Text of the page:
The Fresh Loaf

News & Information for Amateur Bakers and Artisan Bread Enthusiasts

Question about adding "strange" ingredients to breads.

JesterPoet's picture

Question about adding "strange" ingredients to breads.

Hi all!  I'm new to the site, but I thought you all might be able to help me.


I've been doing a lot of bread baking, particularly out of Peter Reinhart's books (actually, primarily out of whole grain baking).  Lately, I've been interested in trying to add some more "unusual" ingredients to my breads, but I'm not sure how to compensate for them in the recipes.  I put unusual in quotes because they're only unusual in that the book doesn't really address them.  I want to add some cheeses and herbs primarily, though some things like spinach, etc. would also be nice. 


Like I said, though, I'm not sure how to compensate in the recipes for adding these ingredients.  Can anyone give me some direction?




yozzause's picture

Hi Todd and welcome

I guess the main thing about adding extras is to start off with a smallish amount and see if it has any adverse effect to your basic dough and if you like the result you can up the quantity. Remembering that your basic dough structure is going to have to carry the additives such as cheese and herbs. I once added some cabernet sauvignon to a dough when i was down in the premier grape growing district of Frankland and was going to give a loaf to a wine maker , that did have an adverse effect, a very similar effect that it has on me, it slowed the fermentation process right down. It did produce a very nice bread with a wonderfull colour to the crumb. I did joke that he need never through away any of his opened tasting bottles again, which brought a big smile to his face. With your sweet doughs usually halve the salt content to 1% because the dough has a high addition of fat and sugar which are going to have an effect on the fermentation. It really is a matter of trying and noting any changes to the basic dough that these additions have. good luck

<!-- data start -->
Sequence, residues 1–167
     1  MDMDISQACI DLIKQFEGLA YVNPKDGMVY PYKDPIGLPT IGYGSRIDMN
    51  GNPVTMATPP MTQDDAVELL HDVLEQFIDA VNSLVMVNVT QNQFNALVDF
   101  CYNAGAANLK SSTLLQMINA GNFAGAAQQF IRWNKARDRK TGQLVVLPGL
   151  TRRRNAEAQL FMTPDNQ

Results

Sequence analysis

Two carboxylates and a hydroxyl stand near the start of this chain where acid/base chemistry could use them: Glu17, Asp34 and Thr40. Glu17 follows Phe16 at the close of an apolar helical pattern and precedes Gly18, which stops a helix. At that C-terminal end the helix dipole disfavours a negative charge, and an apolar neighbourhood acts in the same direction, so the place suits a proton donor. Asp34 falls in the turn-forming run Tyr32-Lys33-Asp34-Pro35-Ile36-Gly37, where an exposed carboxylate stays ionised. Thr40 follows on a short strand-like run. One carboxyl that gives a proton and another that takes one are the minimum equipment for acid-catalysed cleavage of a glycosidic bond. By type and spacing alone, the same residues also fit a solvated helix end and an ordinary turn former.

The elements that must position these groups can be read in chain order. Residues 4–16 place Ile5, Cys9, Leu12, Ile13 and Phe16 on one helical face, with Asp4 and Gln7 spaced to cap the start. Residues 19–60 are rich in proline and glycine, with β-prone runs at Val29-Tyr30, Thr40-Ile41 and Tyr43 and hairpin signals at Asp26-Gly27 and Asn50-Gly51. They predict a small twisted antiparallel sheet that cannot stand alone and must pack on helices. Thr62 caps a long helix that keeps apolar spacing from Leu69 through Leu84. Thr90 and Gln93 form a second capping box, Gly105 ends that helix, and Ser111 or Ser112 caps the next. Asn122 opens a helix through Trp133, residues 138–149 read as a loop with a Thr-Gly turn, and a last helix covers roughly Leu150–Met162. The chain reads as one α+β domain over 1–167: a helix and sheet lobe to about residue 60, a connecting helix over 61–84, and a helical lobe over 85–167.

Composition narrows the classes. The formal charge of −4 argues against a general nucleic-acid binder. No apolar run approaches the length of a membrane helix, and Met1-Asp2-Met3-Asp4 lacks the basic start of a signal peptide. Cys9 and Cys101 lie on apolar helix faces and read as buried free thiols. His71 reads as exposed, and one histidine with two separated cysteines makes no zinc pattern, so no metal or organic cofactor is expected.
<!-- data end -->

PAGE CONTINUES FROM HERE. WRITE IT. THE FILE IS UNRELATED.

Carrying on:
Yerffej's picture

Take a look in The Italian Baker by Carol Field as it has a recipe for herb bread along the lines of what you are looking for.  It is a white flour bread but it will give you a good idea of working herbs into a recipe.


flournwater's picture

When I find some of those packaged mixes on sale at the market (you know, the kind that you might mix with creme cheese, yogurt or sour cream to make a dip) I pick some up and put about a teaspoon full in a one pound loaf of my bread.  It doesn't matter which bread recipe I'm using, as long as it doesn't include sugar as an ingrdient.  I make no adjustment for the addition; I  just add it to the dry ingredients I'm preparing.  If it contains salt I simply make an adjustment for the salt in the recipe.  Works very well and adds a nice variety to the fresh bread.  Tonight I made a baguette with the addition of basil and black pepper.  The loaf disappeared by the time dinner ended.

JesterPoet's picture

Wow!  Great ideas everyone!  Thanks for the suggestions!